Design and Implementation of Microservices Workshop

Today I attended a full day workshop presented by Sam Newman and Scott Shaw on micro-services.┬áMost people seemed pretty up with the why of micro-services, if you’re not James Lewis and Martin Fowler have talked at length on the subject. The workshop covered a wide range of topics and gave an excellent overview of the how and what of micro-services, something which is still lacking in literature (but is coming, see below).

I have seen Sam talk before, in fact his talk at Yow! last year was my first introduction to micro-services and I have read an early release copy of his book Building Microservices. A lot of the concepts were very familiar to me, however being a workshop meant that there was significant discussion around those ideas. This gave me a great deal of insight into the thinking around micro-services and how people have dealt with the trade offs and choices they present.

It was especially nice to have confirmation that some of the ways I am heading with Biarri’s architecture are tried and tested paths. This goes doubly for the contract testing library Pact (and Pact.rb) which a good friend of mine has been encouraging me to port to Python for Biarri’s use.

A few other books, videos and tools popped up in the talk which I have noted for further investigation:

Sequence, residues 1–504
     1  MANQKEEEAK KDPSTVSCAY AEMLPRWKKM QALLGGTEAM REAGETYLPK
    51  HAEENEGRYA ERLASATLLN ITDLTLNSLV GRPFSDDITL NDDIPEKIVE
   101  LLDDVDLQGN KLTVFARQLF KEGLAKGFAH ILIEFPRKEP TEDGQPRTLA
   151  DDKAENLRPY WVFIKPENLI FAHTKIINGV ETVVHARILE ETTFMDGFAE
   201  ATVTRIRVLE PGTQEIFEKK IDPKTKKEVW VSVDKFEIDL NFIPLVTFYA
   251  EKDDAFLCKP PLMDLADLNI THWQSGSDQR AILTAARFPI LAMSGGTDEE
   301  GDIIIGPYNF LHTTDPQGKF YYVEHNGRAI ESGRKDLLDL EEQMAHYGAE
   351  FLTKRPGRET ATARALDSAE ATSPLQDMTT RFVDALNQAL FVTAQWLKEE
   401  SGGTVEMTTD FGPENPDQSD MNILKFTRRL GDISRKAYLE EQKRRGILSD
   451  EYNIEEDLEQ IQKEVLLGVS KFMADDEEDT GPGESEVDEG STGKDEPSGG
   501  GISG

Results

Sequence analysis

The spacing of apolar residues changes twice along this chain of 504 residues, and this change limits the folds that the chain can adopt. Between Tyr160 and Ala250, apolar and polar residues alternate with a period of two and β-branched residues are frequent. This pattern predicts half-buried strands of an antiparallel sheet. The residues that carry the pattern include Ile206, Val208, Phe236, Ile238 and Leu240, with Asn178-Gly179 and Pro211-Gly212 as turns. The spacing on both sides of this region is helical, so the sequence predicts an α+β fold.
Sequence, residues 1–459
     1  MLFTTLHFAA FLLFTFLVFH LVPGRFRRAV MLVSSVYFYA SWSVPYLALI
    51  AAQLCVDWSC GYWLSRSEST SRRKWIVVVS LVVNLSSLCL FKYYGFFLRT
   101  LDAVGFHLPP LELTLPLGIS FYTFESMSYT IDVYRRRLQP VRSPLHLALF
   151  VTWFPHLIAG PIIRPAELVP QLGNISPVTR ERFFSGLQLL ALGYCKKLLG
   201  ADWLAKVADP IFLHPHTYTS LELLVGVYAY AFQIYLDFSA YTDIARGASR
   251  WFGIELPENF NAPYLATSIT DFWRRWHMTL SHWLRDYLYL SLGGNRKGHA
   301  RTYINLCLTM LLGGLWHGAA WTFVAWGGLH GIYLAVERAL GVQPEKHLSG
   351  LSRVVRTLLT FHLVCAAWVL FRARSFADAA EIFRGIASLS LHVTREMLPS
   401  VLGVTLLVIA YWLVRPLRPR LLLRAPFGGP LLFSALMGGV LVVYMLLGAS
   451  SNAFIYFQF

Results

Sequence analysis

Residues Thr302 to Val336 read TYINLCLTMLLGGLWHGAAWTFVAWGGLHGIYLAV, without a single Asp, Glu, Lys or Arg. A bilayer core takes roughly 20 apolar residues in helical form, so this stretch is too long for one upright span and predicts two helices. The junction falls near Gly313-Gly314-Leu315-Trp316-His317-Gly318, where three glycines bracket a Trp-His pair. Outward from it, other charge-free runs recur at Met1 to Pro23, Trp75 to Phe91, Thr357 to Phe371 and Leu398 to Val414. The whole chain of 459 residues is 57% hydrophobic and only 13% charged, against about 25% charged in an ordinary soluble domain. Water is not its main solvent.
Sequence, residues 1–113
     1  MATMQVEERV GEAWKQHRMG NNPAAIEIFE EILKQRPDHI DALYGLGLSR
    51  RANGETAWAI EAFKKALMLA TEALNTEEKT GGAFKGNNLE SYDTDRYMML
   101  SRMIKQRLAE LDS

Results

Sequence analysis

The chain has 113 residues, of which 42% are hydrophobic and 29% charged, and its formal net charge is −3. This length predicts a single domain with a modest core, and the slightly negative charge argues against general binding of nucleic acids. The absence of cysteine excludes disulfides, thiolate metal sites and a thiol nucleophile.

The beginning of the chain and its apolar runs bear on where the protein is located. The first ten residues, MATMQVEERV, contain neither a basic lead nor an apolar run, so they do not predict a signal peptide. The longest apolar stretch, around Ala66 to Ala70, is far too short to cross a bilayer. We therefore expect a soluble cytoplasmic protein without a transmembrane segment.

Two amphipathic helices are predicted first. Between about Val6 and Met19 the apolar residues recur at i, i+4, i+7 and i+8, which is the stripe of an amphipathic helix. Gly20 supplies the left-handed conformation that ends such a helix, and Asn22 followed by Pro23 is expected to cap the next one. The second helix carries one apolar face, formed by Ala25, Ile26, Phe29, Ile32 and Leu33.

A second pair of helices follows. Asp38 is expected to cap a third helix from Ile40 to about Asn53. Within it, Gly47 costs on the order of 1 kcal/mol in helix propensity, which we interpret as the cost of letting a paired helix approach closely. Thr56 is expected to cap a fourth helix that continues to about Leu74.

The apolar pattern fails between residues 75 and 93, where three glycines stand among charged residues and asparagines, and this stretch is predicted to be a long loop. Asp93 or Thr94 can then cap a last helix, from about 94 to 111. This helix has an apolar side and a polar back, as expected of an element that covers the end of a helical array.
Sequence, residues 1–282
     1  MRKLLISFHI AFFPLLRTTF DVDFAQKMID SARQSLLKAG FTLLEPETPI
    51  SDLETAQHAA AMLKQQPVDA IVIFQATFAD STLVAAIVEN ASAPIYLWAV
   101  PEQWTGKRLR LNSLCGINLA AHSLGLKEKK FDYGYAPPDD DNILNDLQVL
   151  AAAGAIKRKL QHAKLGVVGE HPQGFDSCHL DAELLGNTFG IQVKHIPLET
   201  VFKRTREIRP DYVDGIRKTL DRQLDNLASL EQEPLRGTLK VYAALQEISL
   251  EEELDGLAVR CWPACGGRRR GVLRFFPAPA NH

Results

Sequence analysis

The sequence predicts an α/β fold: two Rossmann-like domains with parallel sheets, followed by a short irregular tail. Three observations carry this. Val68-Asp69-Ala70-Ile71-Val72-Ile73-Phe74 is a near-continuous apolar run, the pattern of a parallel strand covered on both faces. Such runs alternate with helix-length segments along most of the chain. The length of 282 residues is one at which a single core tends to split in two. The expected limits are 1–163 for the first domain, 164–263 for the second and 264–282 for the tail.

• Domain-Driven Design: Tackling Complexity in the Heart of Software by Eric Evans
  • Implementing Domain-Driven Design by Vaughn Vernon
  • Apache Zookeeper, useful for managing services, something like consul.io which I discovered last week.
  • Postel’s law: Be conservative in what you do, be liberal in what you accept from others (often reworded as “Be conservative in what you send, be liberal in what you accept”). A useful principle for micro-service communication.
  • Hystrix, a “latency and fault tolerance library” by Netflix. Probably overkill for Biarri’s architecture but it could come in handy in the future.
  • 12factor.net, SaaS app principles which I also discovered last week but re-affirms it’s usefulness.
  • A video by Stuart Halloway (I think) dealing with real time data and versioning. I did a google and couldn’t find a link so I am going to chase up Sam about it.

In all well worth my time.

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